This article appears in the November issue of Wealth Manager magazine. It chronicles the way that I think the wealth management industry is currently underserving their clients when it comes to philanthropy and social investing.
The Next Wave: Part Three
By Sean Stannard-Stockton
Originally Appeared: Wealth Manager Magazine, November 2008
The world of traditional finance is mature and well mapped. Clients do not expect their lawyer to file their taxes nor their CPA to provide legal advice. The finance discipline has been sliced and diced into numerous areas of expertise and for the most part, clients understand the role of each advisor and can identify their own needs and match them to the appropriate advisor. To the extent that clients need help identifying domain experts, they are accustomed to their wealth advisor helping them navigate the map of financial service providers. Within philanthropy and the world of social investing, this map has yet to be drawn.
To whom will your clients turn for advice on which philanthropic vehicle to create? Who will help a client family define its philanthropic mission statement? Who will analyze the financial characteristics of a MRI opportunity? Will the same person consider the social implications of such an investment? Philanthropy is still an immature industry. Philanthropy-minded clients need a concierge who understands the philanthropic landscape and can point them to the appropriate people and resources.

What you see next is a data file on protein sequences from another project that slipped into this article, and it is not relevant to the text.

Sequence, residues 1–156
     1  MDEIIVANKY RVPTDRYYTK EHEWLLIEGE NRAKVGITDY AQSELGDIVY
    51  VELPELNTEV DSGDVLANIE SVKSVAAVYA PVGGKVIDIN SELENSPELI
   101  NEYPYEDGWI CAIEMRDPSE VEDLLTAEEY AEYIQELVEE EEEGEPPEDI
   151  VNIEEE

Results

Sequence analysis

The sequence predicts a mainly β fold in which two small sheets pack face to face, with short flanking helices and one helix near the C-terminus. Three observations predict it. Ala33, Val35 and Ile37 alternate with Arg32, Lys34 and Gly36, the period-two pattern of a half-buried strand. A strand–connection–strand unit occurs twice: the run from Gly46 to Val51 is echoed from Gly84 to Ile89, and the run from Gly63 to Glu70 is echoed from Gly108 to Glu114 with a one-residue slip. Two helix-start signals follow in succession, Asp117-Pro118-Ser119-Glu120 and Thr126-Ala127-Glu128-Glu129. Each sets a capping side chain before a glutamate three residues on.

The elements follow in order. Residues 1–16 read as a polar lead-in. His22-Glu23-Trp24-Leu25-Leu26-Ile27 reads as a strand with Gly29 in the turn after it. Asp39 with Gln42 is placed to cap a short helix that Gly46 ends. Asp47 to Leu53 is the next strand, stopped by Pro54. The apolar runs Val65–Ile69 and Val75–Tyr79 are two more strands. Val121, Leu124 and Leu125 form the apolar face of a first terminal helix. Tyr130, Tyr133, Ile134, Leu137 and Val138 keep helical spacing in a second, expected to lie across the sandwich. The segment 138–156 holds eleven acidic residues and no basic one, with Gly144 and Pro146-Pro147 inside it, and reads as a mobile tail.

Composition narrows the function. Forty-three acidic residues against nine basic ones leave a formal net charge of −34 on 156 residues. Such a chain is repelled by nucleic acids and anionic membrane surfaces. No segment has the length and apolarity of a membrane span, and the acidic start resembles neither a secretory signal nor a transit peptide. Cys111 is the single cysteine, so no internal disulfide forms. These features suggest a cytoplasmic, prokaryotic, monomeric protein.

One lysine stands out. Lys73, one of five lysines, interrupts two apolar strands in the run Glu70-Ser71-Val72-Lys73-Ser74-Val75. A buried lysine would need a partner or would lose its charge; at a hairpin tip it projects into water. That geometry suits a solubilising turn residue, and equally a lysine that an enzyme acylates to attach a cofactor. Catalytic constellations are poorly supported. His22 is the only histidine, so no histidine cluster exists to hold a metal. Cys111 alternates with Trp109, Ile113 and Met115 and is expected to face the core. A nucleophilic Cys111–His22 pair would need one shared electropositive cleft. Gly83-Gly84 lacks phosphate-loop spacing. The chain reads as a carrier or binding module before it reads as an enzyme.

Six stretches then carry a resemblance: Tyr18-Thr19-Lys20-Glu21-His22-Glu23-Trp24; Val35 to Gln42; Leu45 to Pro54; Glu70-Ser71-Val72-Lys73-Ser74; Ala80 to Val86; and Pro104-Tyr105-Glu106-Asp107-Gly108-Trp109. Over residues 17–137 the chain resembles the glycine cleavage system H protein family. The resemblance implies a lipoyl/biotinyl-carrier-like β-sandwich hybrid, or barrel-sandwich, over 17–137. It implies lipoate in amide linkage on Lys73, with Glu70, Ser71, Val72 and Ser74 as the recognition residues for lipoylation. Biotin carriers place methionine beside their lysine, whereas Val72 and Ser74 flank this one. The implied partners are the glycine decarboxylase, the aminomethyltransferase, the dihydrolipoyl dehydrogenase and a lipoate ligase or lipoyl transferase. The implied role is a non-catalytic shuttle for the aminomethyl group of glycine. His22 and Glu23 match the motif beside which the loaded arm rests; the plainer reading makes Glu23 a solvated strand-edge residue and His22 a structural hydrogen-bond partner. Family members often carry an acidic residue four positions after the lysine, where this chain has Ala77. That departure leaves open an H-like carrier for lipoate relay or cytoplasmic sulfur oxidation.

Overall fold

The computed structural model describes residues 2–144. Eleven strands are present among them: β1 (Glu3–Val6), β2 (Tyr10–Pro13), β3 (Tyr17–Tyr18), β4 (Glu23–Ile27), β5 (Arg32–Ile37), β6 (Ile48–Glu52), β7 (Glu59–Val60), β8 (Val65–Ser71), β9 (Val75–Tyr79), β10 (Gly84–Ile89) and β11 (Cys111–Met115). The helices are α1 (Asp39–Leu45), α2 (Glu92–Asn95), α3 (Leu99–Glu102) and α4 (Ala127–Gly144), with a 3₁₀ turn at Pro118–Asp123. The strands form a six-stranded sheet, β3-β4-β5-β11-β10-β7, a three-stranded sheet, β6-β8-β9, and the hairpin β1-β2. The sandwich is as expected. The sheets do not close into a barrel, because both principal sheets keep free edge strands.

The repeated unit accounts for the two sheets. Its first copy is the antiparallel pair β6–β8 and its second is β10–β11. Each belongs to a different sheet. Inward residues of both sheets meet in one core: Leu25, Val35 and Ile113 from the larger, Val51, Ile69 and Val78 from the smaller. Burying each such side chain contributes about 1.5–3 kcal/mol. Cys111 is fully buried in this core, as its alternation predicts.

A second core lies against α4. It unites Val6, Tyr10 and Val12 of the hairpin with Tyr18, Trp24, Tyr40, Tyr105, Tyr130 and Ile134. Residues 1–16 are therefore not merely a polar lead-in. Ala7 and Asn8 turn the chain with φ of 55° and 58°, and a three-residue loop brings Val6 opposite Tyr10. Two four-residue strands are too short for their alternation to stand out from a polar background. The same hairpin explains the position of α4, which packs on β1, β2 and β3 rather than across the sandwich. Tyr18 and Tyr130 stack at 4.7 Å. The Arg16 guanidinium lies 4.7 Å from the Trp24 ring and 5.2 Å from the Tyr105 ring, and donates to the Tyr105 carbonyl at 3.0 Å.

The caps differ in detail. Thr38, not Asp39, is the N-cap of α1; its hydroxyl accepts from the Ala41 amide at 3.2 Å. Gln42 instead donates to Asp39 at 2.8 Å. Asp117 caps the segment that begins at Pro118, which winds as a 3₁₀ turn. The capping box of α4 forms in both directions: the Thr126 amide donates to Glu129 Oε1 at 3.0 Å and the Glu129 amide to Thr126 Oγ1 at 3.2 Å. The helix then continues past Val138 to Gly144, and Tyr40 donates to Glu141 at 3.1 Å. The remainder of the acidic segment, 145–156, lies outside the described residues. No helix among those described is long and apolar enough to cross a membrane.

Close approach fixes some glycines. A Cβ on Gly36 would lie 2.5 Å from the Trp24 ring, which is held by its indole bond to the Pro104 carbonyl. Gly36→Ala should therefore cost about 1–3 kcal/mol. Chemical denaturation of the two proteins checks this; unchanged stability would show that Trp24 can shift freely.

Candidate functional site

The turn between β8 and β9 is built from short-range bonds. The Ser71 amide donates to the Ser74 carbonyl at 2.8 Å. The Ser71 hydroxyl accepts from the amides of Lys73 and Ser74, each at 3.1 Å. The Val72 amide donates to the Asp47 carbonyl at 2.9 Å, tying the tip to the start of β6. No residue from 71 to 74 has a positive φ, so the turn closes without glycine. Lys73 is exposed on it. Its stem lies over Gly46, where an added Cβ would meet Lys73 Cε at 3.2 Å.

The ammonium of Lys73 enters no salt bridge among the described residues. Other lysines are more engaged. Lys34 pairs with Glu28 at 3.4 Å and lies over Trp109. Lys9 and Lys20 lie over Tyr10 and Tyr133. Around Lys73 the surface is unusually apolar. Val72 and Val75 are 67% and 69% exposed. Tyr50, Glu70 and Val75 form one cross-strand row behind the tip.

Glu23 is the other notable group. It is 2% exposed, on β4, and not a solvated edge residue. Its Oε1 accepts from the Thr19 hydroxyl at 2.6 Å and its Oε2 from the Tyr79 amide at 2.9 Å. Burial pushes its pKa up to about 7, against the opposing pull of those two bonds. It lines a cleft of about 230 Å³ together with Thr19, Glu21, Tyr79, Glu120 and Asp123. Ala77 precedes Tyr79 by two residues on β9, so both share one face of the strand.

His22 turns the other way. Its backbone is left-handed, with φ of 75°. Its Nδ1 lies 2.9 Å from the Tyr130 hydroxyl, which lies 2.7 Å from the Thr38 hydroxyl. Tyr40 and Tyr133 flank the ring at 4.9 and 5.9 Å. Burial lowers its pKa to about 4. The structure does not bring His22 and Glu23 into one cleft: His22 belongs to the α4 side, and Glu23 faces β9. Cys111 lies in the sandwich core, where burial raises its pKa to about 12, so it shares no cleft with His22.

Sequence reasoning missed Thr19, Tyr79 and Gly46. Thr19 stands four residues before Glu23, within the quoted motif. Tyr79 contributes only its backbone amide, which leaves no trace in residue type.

Just as a traditional client might ask their wealth manager for assistance in evaluating a mortgage or learning more about alternative investments, philanthropic clients’ needs are not limited to the management of their investment portfolio. The wealth manager who strives to become a philanthropic concierge must build a broad network of contacts within philanthropy and know where to turn when their client asks for help.
Philanthropic investing has another characteristic that makes the role of philanthropic concierge even more important than its counterpart in traditional wealth management. In philanthropy, the social return that giving creates accrues to society at large and not just to the individual client. This means that true philanthropic concierges will benefit their clients by connecting them with similar clients and be able to identify co-funding or collaborative opportunities across their client base and ultimately throughout the philanthropic ecosystem.
The Second Great Wave of Philanthropy is going to transform both wealth management and traditional philanthropy. We must be aware that as much as financial professionals can add tremendous value to philanthropic clients, philanthropy requires much more than business knowledge. Wealth managers who recognize the value they can provide to philanthropic clients will discover a whole new frontier to explore. Like any frontier, the landscape is difficult, but the adventure is worth it.